Total tax revenues are expected to reach 21,517 billion cedis by the end of the year, which will be an increase of 2.3 per cent over the targeted figure of 21,028 billion cedis.

Direct taxes are expected to yield 6,442 billion cedis, which is more than 10 per cent increase on the year's target while indirect taxes are projected to bring in 357 billion cedis more than the targeted figure of 10,720 billion cedis with cocoa receipts expected to be 272 billion cedis lower than last year's.

Mr Baah-Wiredu said non-tax revenue was expected to be slightly lower than expected due mainly to a slowdown in the yields from dividend and income surpluses.

The projected receipts are 1,260.0 billion cedis, which is 112.3 billion cedis below target.

On Payments, provisional data available through September and projections to the end of the year indicates that total payments will amount to 35,672.5 billion cedis, which will be 108.2 billion cedis lower than the budgeted estimates.

Statutory payments total 12,217.6 billion cedis (34.7 per cent), with the balance of 22,293 billion cedis (65.8 per cent) going into Discretionary Expenditure.

"By the end of the year, we would have spent 3,610 billion cedis to service our external debt made up of 2,608 billion cedis of amortisation and 1,002 billion cedis in interest payments.

"We expect to save nearly six per cent on domestic interest payments of 2,470.6 billion cedis as a result of falling interest rates from the combination of prudent management of the economy and the continuing fiscal discipline being shown by the Government."

Mr Baah-Wiredu said substantial progress had been made in enhancing Public Expenditure and Financial Management, improving revenue administration and increasing domestic resource mobilisation. He said coupled with the enhanced pace of growth, it was expected that the ratio of Domestic Debt to GDP would fall to 11.4 per cent by the end of the year, better than the target of 13.5 per cent and a markedly significant improvement on the 26 per cent level of 2000. Mr Baah-Wiredu said that in simple terms "we have reduced the domestic debt to GDP ratio by more than half of the level that we inherited."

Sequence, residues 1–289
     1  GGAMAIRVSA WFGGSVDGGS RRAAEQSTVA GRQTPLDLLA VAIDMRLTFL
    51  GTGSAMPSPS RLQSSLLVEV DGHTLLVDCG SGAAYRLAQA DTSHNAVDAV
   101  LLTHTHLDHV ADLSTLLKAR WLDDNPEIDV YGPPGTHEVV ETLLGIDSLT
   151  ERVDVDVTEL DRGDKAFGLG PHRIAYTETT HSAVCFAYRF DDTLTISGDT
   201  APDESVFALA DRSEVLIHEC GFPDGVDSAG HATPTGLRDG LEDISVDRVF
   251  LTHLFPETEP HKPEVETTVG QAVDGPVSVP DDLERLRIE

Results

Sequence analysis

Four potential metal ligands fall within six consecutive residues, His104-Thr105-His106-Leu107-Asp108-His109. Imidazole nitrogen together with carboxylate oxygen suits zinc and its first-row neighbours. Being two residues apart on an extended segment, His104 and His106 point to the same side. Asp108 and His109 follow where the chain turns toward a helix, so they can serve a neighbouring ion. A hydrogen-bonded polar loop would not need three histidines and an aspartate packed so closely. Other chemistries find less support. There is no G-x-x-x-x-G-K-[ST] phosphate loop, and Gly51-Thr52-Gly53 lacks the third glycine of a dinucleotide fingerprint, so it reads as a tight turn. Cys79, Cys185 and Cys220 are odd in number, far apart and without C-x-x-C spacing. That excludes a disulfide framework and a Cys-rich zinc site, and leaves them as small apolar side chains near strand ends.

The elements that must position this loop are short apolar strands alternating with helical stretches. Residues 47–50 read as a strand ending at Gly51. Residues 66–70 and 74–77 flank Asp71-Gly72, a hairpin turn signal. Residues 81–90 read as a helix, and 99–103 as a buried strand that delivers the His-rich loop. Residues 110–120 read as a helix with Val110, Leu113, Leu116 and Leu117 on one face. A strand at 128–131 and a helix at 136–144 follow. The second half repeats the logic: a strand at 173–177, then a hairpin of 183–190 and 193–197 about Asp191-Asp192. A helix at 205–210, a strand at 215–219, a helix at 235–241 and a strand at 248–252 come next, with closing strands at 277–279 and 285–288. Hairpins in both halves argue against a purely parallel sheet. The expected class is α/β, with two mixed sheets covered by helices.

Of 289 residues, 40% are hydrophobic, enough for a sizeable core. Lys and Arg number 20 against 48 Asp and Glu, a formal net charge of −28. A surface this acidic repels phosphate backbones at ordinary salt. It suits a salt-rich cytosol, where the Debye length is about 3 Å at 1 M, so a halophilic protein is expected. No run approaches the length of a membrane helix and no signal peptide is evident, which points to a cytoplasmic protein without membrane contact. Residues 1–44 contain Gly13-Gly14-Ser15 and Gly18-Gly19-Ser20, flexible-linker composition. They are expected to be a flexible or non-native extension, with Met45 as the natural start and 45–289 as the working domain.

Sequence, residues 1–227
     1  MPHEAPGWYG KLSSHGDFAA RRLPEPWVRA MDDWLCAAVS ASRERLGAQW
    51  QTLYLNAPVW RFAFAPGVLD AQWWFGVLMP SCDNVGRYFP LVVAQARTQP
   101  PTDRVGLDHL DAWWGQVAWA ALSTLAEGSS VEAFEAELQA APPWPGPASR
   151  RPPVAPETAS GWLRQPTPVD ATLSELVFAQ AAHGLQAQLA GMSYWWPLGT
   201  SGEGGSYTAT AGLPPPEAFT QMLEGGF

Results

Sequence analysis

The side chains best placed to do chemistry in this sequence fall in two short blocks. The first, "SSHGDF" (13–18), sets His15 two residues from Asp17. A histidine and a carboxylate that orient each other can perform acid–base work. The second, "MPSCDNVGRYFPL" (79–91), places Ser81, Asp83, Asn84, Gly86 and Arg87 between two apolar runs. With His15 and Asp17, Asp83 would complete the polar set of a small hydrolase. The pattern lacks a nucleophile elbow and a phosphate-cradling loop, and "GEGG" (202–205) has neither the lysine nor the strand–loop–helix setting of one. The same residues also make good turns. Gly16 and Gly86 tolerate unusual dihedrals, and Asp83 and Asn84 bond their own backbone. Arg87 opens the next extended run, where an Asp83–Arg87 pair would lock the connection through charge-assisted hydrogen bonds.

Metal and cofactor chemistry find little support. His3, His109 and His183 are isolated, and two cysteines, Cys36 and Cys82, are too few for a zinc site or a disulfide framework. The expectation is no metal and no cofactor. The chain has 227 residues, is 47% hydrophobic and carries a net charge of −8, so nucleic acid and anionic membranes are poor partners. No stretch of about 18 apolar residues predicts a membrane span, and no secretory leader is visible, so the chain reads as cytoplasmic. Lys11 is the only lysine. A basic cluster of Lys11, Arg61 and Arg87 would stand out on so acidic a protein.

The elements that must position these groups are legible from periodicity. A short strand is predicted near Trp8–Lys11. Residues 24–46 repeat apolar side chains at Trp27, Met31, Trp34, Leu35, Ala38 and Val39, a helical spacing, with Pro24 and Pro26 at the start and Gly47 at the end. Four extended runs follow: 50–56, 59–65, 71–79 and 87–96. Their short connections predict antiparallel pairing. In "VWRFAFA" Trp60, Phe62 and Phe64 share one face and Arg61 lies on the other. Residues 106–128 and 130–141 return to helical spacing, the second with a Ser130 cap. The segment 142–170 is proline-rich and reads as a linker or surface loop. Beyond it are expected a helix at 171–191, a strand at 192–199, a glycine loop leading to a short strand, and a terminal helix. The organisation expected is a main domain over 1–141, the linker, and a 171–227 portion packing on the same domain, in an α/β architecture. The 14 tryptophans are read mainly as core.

He said that the Domestic Primary Balance, which measures domestic inflows against domestic expenditure, is expected to achieve a surplus of 2.7 per cent of GDP, against the 2.5 per cent budget target. In spite of this, the overall budget balance is projected to record a deficit of 2.4 per cent of GDP, slightly off the targeted figure of 2.2 per cent.

Mr Baah-Wiredu said that Government had put its fiscal house in order, made the structure of government finances more transparent and accountable and reduced government borrowing substantially. He said all these had resulted in interest rates declining from their strangulating levels of 2000 and releasing more resources for real economic growth and meaningful earnings.

The Minister said last February this year, Government took the bold step to accelerate the deregulation of the country's petroleum sector. The policy of full cost recovery, in an environment of rising oil prices, resulted in a 50 per cent increase in the prices of petroleum products.